Second presidential finalist visit is Dec. 8

· 3 min read

Second presidential finalist visit is Dec. 8

Hank Bounds

Hank Bounds, one of four finalists vying to become the next University of Nebraska president, will visit UNL on Dec. 8.

Bounds, commissioner of higher education for the Mississippi Institutions of Higher Learning, will participate in forums open to all university faculty, staff, students and public; an interview with the University of Nebraska Board of Regents; and meetings with other university constituents and community leaders.

Bounds’ UNL campus forum is at 3:30 p.m. Dec. 8 in the Nebraska Union Auditorium. The forum will be recorded and made available for viewing on the University of Nebraska website following visits by all four presidential finalists.

The interview with the NU Board of Regents is at 9:30 a.m. Dec. 9 in the Varner Hall Board Room, 3835 Holdrege St. The interview is open to the public.

Bounds, who will be joined by his wife, Susie, also will visit the University of Nebraska at Kearney on Dec. 9, as well as the University of Nebraska at Omaha and University of Nebraska Medical Center on Dec. 10.

Following the visits, the regents will seek feedback via an online form available at

The other three NU president finalists are: George Ross, president of Central Michigan University; Michael Martin, chancellor of the Colorado State University System; and Sally Rockey, deputy director for extramural research at the National Institutes of Health.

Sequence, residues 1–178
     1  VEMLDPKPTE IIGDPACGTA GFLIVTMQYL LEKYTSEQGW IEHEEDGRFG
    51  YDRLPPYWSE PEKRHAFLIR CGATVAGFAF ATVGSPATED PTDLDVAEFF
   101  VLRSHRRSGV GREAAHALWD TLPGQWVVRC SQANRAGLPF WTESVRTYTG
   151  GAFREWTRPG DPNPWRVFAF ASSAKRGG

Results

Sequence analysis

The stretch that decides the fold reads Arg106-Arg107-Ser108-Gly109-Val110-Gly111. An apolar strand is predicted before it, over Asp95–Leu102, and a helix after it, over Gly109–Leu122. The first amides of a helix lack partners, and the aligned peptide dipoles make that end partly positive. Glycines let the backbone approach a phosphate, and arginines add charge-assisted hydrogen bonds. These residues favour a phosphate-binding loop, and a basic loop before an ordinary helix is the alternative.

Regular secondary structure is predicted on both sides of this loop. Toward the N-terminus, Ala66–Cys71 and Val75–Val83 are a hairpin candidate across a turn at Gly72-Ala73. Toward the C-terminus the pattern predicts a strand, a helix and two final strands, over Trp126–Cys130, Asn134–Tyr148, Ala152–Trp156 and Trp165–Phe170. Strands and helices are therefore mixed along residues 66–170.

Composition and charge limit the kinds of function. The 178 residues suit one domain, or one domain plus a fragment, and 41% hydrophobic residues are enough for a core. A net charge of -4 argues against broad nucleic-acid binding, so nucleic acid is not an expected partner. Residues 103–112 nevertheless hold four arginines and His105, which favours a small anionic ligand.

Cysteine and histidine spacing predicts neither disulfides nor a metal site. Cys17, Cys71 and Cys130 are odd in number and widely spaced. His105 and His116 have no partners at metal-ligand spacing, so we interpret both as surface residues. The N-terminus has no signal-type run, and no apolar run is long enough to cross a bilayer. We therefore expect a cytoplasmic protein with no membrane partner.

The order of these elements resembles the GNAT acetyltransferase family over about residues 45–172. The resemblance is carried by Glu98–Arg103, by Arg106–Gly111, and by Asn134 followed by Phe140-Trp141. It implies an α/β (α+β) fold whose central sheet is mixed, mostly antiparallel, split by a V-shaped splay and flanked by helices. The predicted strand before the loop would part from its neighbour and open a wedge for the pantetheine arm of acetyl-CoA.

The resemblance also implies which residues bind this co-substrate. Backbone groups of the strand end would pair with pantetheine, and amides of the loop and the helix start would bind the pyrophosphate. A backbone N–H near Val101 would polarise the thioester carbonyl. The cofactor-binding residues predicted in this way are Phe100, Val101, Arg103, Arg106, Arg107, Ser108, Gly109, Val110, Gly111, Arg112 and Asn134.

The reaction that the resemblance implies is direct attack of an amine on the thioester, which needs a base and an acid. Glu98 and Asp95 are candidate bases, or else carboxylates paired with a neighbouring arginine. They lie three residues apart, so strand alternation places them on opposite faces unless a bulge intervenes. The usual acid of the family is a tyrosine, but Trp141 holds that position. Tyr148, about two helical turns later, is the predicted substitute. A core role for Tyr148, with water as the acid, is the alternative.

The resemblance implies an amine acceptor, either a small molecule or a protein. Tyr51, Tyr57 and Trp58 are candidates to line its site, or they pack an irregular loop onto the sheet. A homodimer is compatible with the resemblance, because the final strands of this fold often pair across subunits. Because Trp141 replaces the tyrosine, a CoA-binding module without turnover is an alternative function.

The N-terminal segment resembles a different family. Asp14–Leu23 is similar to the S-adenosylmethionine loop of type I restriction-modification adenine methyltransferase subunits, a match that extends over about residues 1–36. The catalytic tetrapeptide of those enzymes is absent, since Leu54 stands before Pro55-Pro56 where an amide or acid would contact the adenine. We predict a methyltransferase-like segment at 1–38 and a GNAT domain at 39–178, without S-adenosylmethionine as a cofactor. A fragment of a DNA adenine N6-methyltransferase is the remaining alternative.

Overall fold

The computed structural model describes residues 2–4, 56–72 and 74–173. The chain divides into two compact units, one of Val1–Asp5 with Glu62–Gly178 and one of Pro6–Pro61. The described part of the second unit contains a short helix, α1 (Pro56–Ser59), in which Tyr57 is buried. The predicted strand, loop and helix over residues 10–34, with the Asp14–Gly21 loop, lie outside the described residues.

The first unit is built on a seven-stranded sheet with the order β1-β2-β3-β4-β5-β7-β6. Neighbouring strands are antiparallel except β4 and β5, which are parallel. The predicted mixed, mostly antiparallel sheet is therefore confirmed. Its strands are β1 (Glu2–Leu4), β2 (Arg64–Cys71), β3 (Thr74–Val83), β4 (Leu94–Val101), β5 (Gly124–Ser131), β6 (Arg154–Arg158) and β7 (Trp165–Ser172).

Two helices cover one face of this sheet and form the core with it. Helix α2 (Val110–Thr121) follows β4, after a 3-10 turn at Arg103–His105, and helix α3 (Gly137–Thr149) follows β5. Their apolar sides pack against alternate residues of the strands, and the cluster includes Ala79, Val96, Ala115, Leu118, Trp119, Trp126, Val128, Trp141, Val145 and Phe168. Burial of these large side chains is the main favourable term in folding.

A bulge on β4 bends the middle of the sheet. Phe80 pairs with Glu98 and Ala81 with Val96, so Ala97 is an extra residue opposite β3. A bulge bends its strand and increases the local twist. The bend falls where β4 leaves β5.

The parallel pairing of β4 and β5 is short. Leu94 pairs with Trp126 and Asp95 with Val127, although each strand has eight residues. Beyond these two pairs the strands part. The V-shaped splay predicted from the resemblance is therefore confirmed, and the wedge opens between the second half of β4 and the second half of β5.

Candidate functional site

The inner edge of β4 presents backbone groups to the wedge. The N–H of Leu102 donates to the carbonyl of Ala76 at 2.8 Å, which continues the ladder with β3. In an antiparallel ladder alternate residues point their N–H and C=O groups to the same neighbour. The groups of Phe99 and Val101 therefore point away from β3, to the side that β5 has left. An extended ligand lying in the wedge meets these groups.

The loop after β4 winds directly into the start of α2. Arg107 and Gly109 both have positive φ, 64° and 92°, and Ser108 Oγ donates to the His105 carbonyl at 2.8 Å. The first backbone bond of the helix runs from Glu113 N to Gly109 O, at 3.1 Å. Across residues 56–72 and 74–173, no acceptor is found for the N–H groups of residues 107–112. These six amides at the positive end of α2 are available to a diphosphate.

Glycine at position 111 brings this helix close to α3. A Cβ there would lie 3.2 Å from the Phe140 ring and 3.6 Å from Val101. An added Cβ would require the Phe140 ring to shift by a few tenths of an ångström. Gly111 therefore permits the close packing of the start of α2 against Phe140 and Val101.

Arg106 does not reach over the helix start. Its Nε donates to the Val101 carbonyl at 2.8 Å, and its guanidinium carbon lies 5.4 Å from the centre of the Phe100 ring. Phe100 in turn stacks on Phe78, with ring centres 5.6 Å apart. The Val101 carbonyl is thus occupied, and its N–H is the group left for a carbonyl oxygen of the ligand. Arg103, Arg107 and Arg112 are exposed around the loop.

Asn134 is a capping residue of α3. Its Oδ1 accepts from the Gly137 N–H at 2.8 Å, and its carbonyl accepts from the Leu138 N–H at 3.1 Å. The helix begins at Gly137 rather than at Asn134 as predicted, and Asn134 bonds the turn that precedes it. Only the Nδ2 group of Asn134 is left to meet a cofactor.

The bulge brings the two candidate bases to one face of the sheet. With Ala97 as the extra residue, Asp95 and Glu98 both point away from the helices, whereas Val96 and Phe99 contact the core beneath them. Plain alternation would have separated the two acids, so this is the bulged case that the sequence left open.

As commissioner of higher education, Bounds provides leadership for Mississippi’s university system, which includes four research and four regional universities, one academic health science center and the executive office. The universities include two land-grant universities, three historically black institutions, a law center, a School of Veterinary Medicine and 200 institutes and centers. Bounds manages the human, financial and physical resources of the university system, including 80,000 students, 26,000 faculty and staff, a $4 billion budget, and $200 million in private giving.

In Mississippi, Bounds has led efforts to reduce costs through energy and space efficiencies, technology acquisition and textbook pricing. He also worked with the Board of Trustees to implement a performance-based allocation model that rewards universities for operating efficiently and achieving attainment outcomes. On the legislative side, the Mississippi Legislature has provided an increase in appropriations and a three-year bond bill to help the universities plan for capital improvements.

Bounds facilitated the launch of the Mississippi Higher Education Opportunity Endowment, which works to secure funds to enhance program offerings, support faculty, improve campus facilities and provide scholarships at Mississippi’s historically black universities.

Bounds grew up in rural Mississippi before attending the University of Southern Mississippi, where he earned bachelor’s and master’s degrees. He earned a doctorate from the University of Mississippi.

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